Dullish, but clearing, and what clouds there were very thin and high.
Very busy morning, as the District Officer was in
Was glad to see that all the
balloons were up, but even so I felt quite uncomfortable all the afternoon, and was determined to get out of the town before dusk. Chelmsford
The meeting was in the YMCA hall in
Victoria Road. I was introduced by Gifford [of the Council for the Protection of Rural England] to the Chairman, Mr. Crittall, as “one of my staunchest supporters”, and found to my horror that a fauteuil was reserved for me in the front row, marked by my name. Leslie [Executive Officer of the Essex War Agricultural Committee at Writtle] was there, and I felt rather embarrassed when he spoke to me, and wondered what he thought. Maude Fairhead, now with the National Farmers Union, came to sit next to me, for which I was very glad. We sat on ordinary chairs in the front row, not in the fauteuils. Several War Agricultural Committee officials sat at the opposite end of the row, but took no notice of me.
The meeting was very well arranged. On the platform were Leslie, Cosmo Clarke, the Rural Industries Organiser, Hollis Clayton, the big farmer, Pash, of Brittain & Pash, agricultural engineers, Hulton, a saddler, and old Wingrave from
Brentwood, a smith. The Chairman asked each of these in turn if they thought there were enough rural craftsmen, if they thought enough were being trained, and how they would attract new comers into these trades. Wingrave gave splendid answers, concise and to the point. He blamed the educational system for teaching boys never to take up trades, with the result that boys now only want a “white-collar job”, as he called it. I noticed Leslie and Crittall laughing heartily together, with very much of an air of aren’t-these-country-chaps-amusing-when-they-speak-in-public. However, the crowd was strongly with him, and he was clapped and cheered loudly. The saddler and Hollis Clayton were both very good, too, the latter saying that he could not believe that Englishmen would ever allow horses and breeding them to die out. I could.
Both Leslie and Cosmo Clarke gave long-winded replies, quite beside the point. Any meeting where a speaker talks sense feels me with the greatest enthusiasm. When they speak the truth as well I am quite overcome with joy.
Several craftsmen spoke, and all told the same tale – decay, decay, decay. There are only 6 farrier-apprentices in the whole county, and Mabbitt tells me that he has records of 60 shops which have shut during the last 10 years. I know of 5 in
Colchester district which have shut since the beginning of the war. Cosmo Clarke said that a recent census gave the number of blacksmiths in England and as 8,000. As there must be still 1,500,000 horses in the counties, there is about one smith to every 190 horses, which ought to be a fair living for any man, with all ordinary repair work as well. Wales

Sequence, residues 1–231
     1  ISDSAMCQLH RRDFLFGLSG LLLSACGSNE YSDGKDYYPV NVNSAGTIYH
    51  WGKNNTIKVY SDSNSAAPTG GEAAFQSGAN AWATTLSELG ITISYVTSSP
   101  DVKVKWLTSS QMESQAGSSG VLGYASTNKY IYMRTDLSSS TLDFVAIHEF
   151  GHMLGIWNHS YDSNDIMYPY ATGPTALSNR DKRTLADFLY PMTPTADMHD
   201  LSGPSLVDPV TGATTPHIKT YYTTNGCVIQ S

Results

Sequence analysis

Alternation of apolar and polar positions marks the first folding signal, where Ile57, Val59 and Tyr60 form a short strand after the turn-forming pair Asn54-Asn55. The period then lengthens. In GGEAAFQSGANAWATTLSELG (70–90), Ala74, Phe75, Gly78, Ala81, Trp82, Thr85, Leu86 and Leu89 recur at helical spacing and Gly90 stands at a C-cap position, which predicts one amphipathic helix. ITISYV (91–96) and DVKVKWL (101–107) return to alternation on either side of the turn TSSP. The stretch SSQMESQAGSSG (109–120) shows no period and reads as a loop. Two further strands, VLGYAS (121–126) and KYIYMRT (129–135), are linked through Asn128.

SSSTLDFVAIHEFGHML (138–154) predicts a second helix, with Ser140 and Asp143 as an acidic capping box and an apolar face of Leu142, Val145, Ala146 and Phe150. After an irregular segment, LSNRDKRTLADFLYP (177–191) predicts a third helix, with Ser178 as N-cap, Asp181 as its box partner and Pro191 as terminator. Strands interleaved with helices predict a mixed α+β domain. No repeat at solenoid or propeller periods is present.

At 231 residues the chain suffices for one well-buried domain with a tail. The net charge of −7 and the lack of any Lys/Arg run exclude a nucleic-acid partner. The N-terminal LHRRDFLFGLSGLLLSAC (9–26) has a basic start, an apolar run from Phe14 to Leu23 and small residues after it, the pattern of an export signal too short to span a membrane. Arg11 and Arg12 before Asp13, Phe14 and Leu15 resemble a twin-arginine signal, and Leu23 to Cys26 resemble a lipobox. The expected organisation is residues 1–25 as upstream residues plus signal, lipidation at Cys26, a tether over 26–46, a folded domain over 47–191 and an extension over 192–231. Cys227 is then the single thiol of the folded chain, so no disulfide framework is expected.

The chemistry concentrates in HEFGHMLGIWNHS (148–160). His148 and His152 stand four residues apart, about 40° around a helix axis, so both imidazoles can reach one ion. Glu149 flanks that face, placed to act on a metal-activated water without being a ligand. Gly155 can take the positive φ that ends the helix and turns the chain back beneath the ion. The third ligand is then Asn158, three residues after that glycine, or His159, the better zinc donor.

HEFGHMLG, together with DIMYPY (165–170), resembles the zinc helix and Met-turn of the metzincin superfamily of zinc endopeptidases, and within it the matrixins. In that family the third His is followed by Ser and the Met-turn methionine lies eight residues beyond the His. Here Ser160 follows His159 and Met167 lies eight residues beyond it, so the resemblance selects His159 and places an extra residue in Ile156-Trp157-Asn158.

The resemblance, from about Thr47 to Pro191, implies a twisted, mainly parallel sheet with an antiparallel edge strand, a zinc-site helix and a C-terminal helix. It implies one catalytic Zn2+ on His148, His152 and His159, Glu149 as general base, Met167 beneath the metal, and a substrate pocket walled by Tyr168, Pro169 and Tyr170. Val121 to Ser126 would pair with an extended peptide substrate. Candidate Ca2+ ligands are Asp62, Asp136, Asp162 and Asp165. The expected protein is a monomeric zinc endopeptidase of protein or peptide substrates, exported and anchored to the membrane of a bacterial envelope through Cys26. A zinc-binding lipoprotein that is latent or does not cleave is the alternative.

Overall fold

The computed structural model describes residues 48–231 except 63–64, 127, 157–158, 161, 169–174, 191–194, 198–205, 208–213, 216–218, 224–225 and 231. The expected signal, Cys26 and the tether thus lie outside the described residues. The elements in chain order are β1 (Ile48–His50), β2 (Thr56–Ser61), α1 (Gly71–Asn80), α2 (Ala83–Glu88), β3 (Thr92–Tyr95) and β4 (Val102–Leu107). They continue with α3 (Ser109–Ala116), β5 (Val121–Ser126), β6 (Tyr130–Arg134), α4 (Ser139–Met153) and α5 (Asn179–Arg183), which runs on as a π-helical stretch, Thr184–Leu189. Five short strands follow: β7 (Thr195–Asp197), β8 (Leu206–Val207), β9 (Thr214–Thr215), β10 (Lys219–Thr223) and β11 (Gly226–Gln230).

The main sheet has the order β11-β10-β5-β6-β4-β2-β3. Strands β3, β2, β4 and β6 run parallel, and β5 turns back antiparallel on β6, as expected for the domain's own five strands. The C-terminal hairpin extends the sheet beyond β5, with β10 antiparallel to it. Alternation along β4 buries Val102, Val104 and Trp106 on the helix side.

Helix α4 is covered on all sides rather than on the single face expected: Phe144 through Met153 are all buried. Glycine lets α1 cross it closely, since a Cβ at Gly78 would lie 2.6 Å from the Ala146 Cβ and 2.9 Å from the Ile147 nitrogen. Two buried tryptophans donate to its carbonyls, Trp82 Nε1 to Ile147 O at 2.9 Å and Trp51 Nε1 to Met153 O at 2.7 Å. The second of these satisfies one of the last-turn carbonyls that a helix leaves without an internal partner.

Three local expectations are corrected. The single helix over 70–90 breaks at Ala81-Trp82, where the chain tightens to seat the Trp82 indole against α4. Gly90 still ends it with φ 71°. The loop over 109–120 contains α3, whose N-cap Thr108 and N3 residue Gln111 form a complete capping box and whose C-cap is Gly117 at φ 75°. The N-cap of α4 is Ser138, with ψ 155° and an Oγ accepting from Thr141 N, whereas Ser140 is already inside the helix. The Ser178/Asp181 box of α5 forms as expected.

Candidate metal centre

We had tea served, (in curious white mugs – Maude said they looked like small chamber-pots) and Mabbitt asked me if I would speak on behalf of Colchester Smiths. The Chairman called me, but unfortunately a man named
Adams got up at the same moment, and talked for so long that I had no chance.
Leslie then summed up the whole meeting, in a speech which gave very little hope to anybody present. He said that the War Agricultural Committee was now considering the establishment of central “depôts” for all country craftsmen in each large village (This created considerable protest – what they all wanted was help, not opposition). He went on to say that nobody could prophesy what would be the state of farming after the war. Then he said he had no doubt it would be a “stable” farming, but would consist largely of market-gardening and dairying. Then he said that we were only on the edge of mechanisation, and that in 25 years every farmer would have a combine harvester. (If there was nothing but vegetables, what would they use it for?) Finally he said it was obvious that less craftsmen would be needed in all the country trades. I thought it was a very unsuitable speech, and must have sent everybody away a little sadder than when they came in.
By this time it was a quarter to 6, and was coming up cloudy, so I decided to go by train at once. As I went to the station I could not help thinking of all the sweet shops in Chemsford where I used to buy sweets, now alas impossible. Got evening paper – big raid on
last night. Also a German raid on Essen , but no details given. Heather was lucky she went there two weeks ago, and not this week. At station, found the 6.1 did not go to Manningtree, so bought ticket to Newcastle Colchester. Charlie Brooks, Curly Bruce, and Smith all came along from the meeting. Travelled with them in a packed train, talking horses all the way. Bruce and Brooks were still fairly optimistic about the future. At Colchester found I had missed the last East Bergholt and the last Harwich buses, but by great good luck found a Lt. Bromley bus ready to go.
At last away we went in the gathering dusk, through Crockleford, past the Bromley blacksmith, past the ruins of Carrington’s Farm, where the naked rafters showed as black ribs against the setting sun, past the ruins of the hall, burnt out long years ago, along the road where Robin nearly upset me.
Just as I finished supper tonight there was an alarm for half an hour, but nothing whatever happened.
Writing until 10.30. I find it more and more difficult to concentrate. I find too that I cannot think of the words that I want, and sometimes I write absurd things quite unwittingly such as “A” for “I”, “attacks” for “attics”, and “that” for “quite”. I do not feel at all well, and have recently had more curious heart sensations, as if blood was being pumped into my lungs.